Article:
Fried foods increase prostate cancer risk
Men who have a habit of eating fried foods have a 30-37% higher risk of prostate cancer than those who don’t.
Prostate cancer is the most common type of male cancer worldwide. The American Cancer Society (ACS) estimates that by 2022, 268,490 men will be newly diagnosed with this type of cancer.
The Fred Hutchinson Cancer Research Center studied 1,549 men diagnosed with prostate cancer and 1,492 men without prostate cancer. The results of the study showed that men who ate a variety of fried foods had a higher risk of prostate cancer, ranging from 30 to 37%. The higher the level of consumption, the slightly higher the risk of advanced prostate cancer.
Janet L. Stanford, co-director of the Hutchinson Center Prostate Cancer Research Program, and colleagues found that men who reported eating fried foods once a week had an increased risk. Prostate cancer incidence was higher than in men who ate fried food less than once a month.
Many previous studies have also shown that eating foods prepared with high-temperature cooking methods, such as frying and grilling, can increase the risk of prostate cancer.
According to WebMD, when cooking at high temperatures certain foods like bread or potatoes release a chemical called acrylamide. In high concentrations, acrylamide becomes a tumor-forming agent. In addition, fried foods can also increase the risk of prostate cancer because it also forms a lot of acrylamide. Experts from the International Agency for Research on Cancer (USA) evaluate acrylamide as a carcinogen, damaging DNA and causing apoptosis, which kills cells.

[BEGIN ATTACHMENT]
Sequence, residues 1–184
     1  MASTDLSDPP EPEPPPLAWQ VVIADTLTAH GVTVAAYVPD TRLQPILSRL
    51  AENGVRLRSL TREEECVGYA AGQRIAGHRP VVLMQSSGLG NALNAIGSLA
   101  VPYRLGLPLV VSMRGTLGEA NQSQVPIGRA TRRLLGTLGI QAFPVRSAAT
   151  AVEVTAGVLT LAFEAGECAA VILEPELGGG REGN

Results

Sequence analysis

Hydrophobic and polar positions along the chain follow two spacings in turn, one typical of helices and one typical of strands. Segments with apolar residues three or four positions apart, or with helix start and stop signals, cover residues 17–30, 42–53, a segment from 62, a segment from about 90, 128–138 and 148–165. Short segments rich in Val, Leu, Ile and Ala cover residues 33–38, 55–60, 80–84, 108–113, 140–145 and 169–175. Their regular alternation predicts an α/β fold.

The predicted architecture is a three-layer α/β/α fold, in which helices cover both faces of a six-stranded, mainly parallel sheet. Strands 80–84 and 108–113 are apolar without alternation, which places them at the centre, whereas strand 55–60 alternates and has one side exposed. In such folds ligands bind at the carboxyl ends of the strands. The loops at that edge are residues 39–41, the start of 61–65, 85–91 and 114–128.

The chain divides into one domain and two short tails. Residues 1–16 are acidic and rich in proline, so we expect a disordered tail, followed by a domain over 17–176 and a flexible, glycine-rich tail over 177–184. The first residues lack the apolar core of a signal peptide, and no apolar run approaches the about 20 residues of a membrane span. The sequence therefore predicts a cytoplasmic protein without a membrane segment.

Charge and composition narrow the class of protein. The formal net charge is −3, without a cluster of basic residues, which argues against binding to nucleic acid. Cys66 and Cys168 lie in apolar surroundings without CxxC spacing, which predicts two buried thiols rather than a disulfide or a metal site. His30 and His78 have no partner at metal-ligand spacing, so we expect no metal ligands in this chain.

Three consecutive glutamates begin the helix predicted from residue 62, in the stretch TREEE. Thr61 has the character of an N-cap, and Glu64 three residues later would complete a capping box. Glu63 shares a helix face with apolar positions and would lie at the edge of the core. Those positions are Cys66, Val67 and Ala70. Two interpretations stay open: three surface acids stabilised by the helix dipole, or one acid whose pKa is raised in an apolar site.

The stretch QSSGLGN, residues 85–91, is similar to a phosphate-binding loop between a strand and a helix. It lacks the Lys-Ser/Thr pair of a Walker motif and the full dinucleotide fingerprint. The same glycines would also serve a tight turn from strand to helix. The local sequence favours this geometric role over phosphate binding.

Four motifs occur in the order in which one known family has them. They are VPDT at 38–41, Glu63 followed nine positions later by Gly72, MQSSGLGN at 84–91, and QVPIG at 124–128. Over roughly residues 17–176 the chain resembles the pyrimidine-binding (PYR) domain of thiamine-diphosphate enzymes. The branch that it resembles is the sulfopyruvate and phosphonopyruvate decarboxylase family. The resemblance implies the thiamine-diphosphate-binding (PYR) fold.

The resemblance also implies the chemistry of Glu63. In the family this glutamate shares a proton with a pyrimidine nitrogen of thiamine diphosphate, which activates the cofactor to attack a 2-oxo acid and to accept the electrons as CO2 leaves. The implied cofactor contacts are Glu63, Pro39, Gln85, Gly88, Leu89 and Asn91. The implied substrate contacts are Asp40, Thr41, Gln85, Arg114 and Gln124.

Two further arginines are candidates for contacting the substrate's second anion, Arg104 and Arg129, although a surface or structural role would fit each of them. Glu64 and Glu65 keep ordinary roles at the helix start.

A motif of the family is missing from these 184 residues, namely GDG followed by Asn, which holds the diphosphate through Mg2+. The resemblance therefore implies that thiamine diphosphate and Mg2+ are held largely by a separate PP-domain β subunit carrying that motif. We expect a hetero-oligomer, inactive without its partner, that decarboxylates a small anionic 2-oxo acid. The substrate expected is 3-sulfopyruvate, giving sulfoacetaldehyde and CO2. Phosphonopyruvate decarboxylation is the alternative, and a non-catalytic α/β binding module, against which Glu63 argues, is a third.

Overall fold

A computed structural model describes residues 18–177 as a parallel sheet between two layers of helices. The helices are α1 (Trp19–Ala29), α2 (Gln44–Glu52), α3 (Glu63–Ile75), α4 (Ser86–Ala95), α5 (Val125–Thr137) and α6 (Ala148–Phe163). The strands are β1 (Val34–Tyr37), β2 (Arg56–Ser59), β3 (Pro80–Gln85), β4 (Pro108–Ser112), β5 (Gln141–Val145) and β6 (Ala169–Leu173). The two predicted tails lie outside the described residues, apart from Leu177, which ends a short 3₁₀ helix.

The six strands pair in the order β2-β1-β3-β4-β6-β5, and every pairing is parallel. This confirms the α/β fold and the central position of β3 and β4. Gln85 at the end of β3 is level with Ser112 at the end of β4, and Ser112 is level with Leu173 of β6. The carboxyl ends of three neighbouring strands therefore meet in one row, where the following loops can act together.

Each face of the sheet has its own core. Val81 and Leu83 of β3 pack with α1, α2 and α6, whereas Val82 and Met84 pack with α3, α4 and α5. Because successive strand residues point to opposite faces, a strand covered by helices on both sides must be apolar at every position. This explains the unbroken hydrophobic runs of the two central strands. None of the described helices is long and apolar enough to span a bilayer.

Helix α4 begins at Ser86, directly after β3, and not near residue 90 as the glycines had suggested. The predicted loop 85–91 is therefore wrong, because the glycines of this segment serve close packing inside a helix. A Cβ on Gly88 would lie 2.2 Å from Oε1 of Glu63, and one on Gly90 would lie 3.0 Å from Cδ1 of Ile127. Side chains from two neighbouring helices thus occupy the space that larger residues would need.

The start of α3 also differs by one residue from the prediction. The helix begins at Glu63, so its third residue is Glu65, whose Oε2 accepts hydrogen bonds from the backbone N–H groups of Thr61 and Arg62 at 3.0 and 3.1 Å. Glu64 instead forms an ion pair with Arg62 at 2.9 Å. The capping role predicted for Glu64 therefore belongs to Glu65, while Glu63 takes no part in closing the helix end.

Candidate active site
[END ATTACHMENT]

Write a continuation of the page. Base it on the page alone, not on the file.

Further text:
In addition, eating a lot of fried food also increases the risk of type 2 diabetes and obesity. These conditions can promote oxidative stress and inflammation, further increasing cancer risk.
Experts recommend that, to reduce the risk of cancer due to eating foods cooked at high temperatures, instead of frying, people should try to apply healthier cooking methods such as mixing, salad, pressure cooking. capacity, grilled or roasted at low heat. Boiling, slow cooking in a crock pot or slow cooker is also recommended.
Mr. Chi (According to ThehealthSite, WebMD, Healthline)
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